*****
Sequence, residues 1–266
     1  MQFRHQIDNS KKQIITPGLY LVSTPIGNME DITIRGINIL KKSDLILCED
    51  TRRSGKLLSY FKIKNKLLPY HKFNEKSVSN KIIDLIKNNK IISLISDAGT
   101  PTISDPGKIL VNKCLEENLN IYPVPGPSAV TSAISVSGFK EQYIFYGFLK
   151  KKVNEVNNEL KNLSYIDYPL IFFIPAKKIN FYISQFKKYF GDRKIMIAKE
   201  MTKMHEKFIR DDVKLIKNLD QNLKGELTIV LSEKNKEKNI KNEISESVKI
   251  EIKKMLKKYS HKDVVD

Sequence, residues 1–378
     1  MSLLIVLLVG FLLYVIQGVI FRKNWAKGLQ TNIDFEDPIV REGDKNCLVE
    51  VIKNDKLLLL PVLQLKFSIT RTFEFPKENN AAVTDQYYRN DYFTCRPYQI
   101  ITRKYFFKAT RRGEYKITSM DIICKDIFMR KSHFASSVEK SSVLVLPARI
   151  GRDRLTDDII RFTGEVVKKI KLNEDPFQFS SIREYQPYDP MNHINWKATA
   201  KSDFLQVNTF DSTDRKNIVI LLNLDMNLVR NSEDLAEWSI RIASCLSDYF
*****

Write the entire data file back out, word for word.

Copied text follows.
Sequence, residues 1–266
     1  MQFRHQIDNS KKQIITPGLY LVSTPIGNME DITIRGINIL KKSDLILCED
    51  TRRSGKLLSY FKIKNKLLPY HKFNEKSVSN KIIDLIKNNK IISLISDAGT
   101  PTISDPGKIL VNKCLEENLN IYPVPGPSAV TSAISVSGFK EQYIFYGFLK
   151  KKVNEVNNEL KNLSYIDYPL IFFIPAKKIN FYISQFKKYF GDRKIMIAKE
   201  MTKMHEKFIR DDVKLIKNLD QNLKGELTIV LSEKNKEKNI KNEISESVKI
   251  EIKKMLKKYS HKDVVD

Sequence, residues 1–378
     1  MSLLIVLLVG FLLYVIQGVI FRKNWAKGLQ TNIDFEDPIV REGDKNCLVE
    51  VIKNDKLLLL PVLQLKFSIT RTFEFPKENN AAVTDQYYRN DYFTCRPYQI
   101  ITRKYFFKAT RRGEYKITSM DIICKDIFMR KSHFASSVEK SSVLVLPARI
   151  GRDRLTDDII RFTGEVVKKI KLNEDPFQFS SIREYQPYDP MNHINWKATA
   201  KSDFLQVNTF DSTDRKNIVI LLNLDMNLVR NSEDLAEWSI RIASCLSDYF